So, on that note, I’d like to continue my lifting while at camp, though in a more abbreviated manner, meaning that rather that strive for moving a maximal or circa-maximal weight, I’ll scale the weight back (perhaps significantly) and place a greater emphasis on simply maintaining my capacity to perform a certain movement pattern. (After camp last summer, I was extremely inflexible and barely capable of performing a squat with the bar, let alone any amount of weight.) I foresee a large amount of bodyweight exercises (push-ups, chins, sit-ups, etcetera), as these are most conducive to maintaining a semi-decent strength level given the circumstances of camp (diet, rest, activity level).

I’m aware of the changes that are going to take place over the summer, and, as much as I’d like to not have to deal with them, I’m all but convinced that there’s nothing I can do about it. But, as such, I might as well have a plan in place to do what I can with what I have.

My lifting as of now has been pretty inconsistent. As I stated in an earlier post, I (possibly) strained my inguinal ligament after deadlifting a few weeks ago, and since then, I’ve backed off from the heavy weights. But, due to rest, my groin is feeling fine, so I decided to get back under the bar today. At the moment, I’m so far off my 5/3/1 cycle that I figure it was just as well to shoot for a PR than do volume work. Everything, even the bar, felt heavy and awkward, but I persevered and managed a fairly decent 465×1 beltless squat. I’m considering this a PR, mainly because although I’ve squatted this weight before, I did so with a belt (I think I might have attempted it while in Tacoma, but was strapped up with wrist wraps, elbow sleeves, and a belt), so to move it sans equipment (even if it might have been a little high).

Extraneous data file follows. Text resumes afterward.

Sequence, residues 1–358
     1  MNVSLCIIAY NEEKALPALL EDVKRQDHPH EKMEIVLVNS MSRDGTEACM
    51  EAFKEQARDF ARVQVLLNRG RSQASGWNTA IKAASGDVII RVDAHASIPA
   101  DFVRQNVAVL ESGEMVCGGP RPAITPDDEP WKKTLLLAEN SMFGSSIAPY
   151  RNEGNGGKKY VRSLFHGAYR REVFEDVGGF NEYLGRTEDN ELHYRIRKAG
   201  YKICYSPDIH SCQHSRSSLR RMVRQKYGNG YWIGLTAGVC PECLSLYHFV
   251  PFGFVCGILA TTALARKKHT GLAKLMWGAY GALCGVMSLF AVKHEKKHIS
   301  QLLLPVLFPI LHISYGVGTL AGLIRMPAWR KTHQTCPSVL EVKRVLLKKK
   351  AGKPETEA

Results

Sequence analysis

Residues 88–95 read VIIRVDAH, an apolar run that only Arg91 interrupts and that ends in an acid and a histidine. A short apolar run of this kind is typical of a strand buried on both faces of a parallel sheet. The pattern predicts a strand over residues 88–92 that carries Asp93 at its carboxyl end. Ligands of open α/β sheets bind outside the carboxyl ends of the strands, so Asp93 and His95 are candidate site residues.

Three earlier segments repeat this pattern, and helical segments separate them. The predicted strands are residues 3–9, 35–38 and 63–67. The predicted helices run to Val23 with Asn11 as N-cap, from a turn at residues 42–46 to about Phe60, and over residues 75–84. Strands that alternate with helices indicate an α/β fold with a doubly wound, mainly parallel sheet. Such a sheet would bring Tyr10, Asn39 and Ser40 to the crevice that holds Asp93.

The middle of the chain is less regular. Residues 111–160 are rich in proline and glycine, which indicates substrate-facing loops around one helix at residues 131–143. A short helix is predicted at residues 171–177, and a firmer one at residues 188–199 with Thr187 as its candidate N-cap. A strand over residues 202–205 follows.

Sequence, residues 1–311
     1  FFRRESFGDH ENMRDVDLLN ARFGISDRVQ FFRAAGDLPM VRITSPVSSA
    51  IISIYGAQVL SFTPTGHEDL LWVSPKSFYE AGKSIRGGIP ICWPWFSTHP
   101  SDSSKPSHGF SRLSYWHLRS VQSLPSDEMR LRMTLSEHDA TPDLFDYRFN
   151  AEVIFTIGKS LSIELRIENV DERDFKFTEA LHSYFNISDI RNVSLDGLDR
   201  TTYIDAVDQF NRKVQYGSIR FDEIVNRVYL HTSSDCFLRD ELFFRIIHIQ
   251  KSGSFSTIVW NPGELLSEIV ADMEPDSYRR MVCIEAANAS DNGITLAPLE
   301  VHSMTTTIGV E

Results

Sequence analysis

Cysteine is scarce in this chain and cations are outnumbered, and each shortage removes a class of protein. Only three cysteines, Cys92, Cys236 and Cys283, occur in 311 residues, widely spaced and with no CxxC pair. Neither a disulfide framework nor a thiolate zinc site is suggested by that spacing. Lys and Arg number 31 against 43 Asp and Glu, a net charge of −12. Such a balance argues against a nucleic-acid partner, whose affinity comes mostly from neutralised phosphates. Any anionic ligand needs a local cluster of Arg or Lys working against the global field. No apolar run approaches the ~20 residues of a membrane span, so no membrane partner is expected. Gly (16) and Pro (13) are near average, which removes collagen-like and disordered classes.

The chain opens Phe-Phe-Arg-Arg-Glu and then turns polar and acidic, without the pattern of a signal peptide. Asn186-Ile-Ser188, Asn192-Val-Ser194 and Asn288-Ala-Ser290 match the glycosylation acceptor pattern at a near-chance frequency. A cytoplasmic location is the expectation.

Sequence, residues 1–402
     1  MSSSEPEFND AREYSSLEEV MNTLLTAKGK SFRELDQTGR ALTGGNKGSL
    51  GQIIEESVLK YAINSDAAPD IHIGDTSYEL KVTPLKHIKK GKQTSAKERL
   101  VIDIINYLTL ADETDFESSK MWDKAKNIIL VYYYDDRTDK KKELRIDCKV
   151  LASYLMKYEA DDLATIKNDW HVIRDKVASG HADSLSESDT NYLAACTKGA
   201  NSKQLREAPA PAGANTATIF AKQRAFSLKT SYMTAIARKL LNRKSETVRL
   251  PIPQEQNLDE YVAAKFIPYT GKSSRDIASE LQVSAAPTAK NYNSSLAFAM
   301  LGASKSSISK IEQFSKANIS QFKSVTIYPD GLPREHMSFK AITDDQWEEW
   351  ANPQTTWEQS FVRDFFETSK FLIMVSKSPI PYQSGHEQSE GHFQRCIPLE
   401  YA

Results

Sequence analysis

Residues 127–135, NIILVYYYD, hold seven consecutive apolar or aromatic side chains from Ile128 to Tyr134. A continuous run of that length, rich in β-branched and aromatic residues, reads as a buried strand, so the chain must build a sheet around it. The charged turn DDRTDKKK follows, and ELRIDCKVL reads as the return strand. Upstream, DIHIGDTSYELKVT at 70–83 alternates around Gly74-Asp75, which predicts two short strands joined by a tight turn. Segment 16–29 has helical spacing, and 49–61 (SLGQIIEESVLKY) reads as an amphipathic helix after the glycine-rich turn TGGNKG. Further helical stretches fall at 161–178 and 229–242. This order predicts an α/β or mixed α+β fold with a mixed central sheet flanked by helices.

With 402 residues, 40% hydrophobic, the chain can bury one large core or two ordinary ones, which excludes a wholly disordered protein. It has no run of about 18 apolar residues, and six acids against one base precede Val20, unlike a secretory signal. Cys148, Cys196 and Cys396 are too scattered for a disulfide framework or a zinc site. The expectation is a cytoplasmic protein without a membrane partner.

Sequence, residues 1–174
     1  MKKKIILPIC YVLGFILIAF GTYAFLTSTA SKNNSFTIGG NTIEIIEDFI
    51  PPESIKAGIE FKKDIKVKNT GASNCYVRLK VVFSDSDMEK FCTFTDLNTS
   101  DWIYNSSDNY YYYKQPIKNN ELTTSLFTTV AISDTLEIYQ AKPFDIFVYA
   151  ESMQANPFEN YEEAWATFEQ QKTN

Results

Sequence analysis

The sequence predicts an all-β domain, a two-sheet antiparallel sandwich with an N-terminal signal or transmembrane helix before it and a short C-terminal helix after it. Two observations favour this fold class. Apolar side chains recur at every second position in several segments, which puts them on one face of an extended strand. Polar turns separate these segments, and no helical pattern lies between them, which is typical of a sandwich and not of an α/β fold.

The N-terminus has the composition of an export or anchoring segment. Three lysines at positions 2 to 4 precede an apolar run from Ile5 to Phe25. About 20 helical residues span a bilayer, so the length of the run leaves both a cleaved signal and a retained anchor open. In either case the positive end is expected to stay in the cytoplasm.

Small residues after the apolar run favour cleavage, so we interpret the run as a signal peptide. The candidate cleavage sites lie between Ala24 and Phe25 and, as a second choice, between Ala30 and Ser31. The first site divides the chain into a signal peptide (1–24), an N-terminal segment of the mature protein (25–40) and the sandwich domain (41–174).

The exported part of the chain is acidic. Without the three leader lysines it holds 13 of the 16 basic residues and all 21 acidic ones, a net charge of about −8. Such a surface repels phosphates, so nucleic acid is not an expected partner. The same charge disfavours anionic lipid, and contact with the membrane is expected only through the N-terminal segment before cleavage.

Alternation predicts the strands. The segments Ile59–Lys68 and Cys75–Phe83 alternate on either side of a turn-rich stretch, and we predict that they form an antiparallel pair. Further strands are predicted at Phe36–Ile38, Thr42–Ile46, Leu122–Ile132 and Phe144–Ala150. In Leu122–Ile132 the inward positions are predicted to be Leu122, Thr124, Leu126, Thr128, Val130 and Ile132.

Here’s how it broke down real quick.

Squat: 135×5, 185×3, 225×3, 315×3, 405×1, 425×1, 445×1, 465×1.

I’ve definitely grown stronger during my time here. It’s like the goldfish-in-a-bowl principle. Keep a goldfish in a small bowl, and it will stay small. Put it in a big tank, and it’ll grow. MSU and the people here are my big tank, so to speak. Not to say that UPS or Tacoma or the people there were by any means a small bowl. Little fishies gotta start somewhere.

Ok folks, thanks for reading. I’ll probably write more tomorrow, but am done for tonight.

Stay yoked and loked.


About Jim

Jim is a semi-competitive powerlifter, strength and conditioning coach, and all-around nice guy. He loves flannel and IPA's.


2 thoughts on “Sharkbait, hoo-ha-ha.

  1. I know it might be anathema to you but a crossfiteasque program might be an interesting diversion for you, and great for the kids. Crossfit hass got built in competition and direction, plus you can do a lot of them without much equipment.

    Check out Crossfit Kids for more ideas in that vein.

    Posted by Paul Siegel | May 17, 2011, 7:01 pm